The Future of Marketing with Analytics

by September 5, 2016 0 comments

Analytics is all about gleaning meaningful insights from data. You do not get surprised when your CEO asks you why your competitors are gaining more market share? Do they have better products? Every question then centres around how meaningfully you extracted insights from the data and embarked on a strategy which gives a competitive advantage in the market.

Business Analysts are regularly faced with tight deadlines, demands for results that are accurate and an abundance of data. As a result, they need to have an access to a much broader array of sophisticated techniques to explore data. Multivariate analysis is the only way which helps analysts to derive actionable findings quickly and effectively. These techniques can be applied to a large volume of data including demographics, sales and purchase patterns. Here is a list of five multivariate techniques which assist business analysts and marketing managers in knowing their customers better.

Data Checks:
Before you begin any statistical technique, it is important to know your data well. The form of the data refers to whether the data is non-metric or metric. Whether it is normally distributed, linear and has no outliers? Moreover, it is important to understand the magnitude of missing values in observations. We need to determine whether to ignore them or assign values to it.

Multiple Regression Analysis
Regression analysis is the most widely used multivariate technique to estimate the relationship among variables. It examines the relationship between a single metric dependent variable and one or more metric/non-metric independent variables. The statistical technique determines the linear relationship between the dependent and the independent variables, with the lowest sum of squared variances. In business, multiple regression analysis is commonly used as a forecasting tool.

Factor Analysis
The main application of factor analysis is to reduce the number of variables and detect structure in the relationships between variables. It is one of the most effective techniques to classify variables. This is an independence technique, in which there is no dependent variable. Factor Analysis is performed through two methods: Common Factor Analysis and Principal Component Analysis. The first method is based on the variance shared by the factors while the second method is used to find the fewest number of variables that explain the most variance. The factors are extracted as long as the eigenvalues are greater than 1.0. This is also represented by a scree plot.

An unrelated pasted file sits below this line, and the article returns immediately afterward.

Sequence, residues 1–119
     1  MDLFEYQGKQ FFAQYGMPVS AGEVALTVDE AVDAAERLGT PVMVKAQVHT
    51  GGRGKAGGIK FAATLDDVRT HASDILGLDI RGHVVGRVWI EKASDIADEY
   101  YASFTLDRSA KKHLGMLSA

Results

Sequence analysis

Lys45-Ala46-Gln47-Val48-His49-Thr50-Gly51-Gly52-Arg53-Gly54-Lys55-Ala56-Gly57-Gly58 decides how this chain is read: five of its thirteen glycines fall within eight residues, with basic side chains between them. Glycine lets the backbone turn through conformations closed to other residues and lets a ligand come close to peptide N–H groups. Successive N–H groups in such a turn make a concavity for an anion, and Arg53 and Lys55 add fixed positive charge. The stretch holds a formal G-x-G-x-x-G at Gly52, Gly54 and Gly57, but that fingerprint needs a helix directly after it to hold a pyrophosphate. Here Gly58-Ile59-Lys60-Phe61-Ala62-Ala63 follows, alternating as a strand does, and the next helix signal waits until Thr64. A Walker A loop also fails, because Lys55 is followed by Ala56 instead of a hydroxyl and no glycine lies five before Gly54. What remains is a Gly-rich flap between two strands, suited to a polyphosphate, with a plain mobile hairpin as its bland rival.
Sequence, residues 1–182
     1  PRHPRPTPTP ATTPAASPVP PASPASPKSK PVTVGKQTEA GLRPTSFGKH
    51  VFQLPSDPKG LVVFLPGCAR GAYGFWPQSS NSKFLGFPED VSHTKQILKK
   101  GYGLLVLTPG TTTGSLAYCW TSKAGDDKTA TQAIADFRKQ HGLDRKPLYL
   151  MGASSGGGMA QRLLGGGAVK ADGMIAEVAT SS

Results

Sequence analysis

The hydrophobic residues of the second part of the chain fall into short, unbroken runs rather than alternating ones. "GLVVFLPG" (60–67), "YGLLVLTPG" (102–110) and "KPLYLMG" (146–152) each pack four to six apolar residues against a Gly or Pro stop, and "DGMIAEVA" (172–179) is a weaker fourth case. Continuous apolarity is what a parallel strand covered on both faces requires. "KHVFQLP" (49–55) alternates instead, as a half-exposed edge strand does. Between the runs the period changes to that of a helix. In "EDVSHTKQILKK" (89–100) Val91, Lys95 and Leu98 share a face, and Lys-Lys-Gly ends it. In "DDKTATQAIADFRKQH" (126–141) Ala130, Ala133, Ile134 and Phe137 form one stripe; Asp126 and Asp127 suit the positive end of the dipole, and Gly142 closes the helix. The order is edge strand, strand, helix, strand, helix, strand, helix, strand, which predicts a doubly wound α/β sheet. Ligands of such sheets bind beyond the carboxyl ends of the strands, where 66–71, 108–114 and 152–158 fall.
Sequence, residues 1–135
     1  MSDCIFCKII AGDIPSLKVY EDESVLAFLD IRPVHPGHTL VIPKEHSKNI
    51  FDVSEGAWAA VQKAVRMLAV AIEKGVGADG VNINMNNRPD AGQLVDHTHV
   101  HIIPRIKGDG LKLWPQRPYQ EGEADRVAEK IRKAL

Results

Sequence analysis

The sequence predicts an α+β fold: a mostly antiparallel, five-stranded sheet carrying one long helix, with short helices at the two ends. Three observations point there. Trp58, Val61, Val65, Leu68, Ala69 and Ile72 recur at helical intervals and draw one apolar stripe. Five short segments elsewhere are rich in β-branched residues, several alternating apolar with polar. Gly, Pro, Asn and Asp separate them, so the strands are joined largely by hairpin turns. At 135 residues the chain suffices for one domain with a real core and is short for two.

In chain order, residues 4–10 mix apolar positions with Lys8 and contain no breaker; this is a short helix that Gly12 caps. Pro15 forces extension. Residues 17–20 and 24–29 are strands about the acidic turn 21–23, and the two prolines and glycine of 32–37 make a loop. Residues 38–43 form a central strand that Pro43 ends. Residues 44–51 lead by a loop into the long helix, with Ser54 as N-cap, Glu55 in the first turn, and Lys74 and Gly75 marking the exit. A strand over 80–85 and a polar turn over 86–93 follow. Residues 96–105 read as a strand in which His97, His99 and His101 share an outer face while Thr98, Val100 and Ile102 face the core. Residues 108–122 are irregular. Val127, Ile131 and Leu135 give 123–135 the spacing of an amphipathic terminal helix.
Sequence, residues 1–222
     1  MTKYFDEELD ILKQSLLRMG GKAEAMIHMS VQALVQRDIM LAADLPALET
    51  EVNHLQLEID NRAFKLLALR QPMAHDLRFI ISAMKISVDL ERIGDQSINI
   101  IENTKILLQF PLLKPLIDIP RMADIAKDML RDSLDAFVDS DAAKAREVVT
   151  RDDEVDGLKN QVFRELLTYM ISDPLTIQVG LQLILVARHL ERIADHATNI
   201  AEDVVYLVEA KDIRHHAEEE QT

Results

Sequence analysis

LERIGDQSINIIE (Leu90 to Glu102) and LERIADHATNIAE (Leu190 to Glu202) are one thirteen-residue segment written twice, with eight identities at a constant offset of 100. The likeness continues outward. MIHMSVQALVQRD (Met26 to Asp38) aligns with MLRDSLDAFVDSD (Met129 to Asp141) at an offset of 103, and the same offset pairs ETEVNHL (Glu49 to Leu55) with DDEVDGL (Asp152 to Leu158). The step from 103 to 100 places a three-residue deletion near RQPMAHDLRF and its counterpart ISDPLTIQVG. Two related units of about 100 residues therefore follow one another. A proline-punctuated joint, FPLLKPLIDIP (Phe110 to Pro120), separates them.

Cluster Analysis
Cluster analysis is primarily used to group objects (eg. respondents, products, or other entities) based on similar characteristics. The grouping is done based on the distance between the objects. If plotted geometrically, the objects within the clusters remain together, while the distances between the clusters are farthest. Once the choice of distance measure is selected, the clustering algorithm groups members effectively. There are three clustering methods: Hierarchical Clustering, K-means Clustering, and Two- Step Clustering. Cluster analysis is majorly used in market segmentation. It helps marketing managers to segment customers into groups and formulate strategies.

Conjoint Analysis
Conjoint Analysis is a statistical technique used to design a product based on selected attributes. It enables marketers to determine what combinations of attributes are most influential on respondents’ choice. A part-worth, or utility, is calculated for each level of each attribute. The combinations of attributes at specific levels are summed to develop the overall preference for the attributes across levels. Conjoint analysis is actively used in product development, competitive positioning, product pricing, segmentation and resource allocation.

Discriminant Function Analysis
Discriminant Analysis is a technique to predict a categorical dependent variable (called a grouping variable) by one or more continuous or binary independent variables (called predictor variables). The purpose of the discriminant analysis is to maximally separate the groups and discard variables which are little related to group distinctions. The model is composed of a discriminant function based on linear combinations of predictor variables. Discriminant analysis formulates a linear discriminant function which describes the importance of the independent variables in differentiating observations of group membership. Discriminant analysis is one of the important tools for market segmentation.

The five techniques described above will act as an elixir to difficult marketing decision problems. These can be performed on different statistical packages including R, SAS or SPSP. Although these techniques are used to develop the blueprint of a successful marketing strategy, they are prone to misunderstanding. An experienced market researcher should avoid pitfalls in analysis and use his intuition to interpret the results. Great marketers follow their own instincts and sometimes it feels much more real than data and algorithms.


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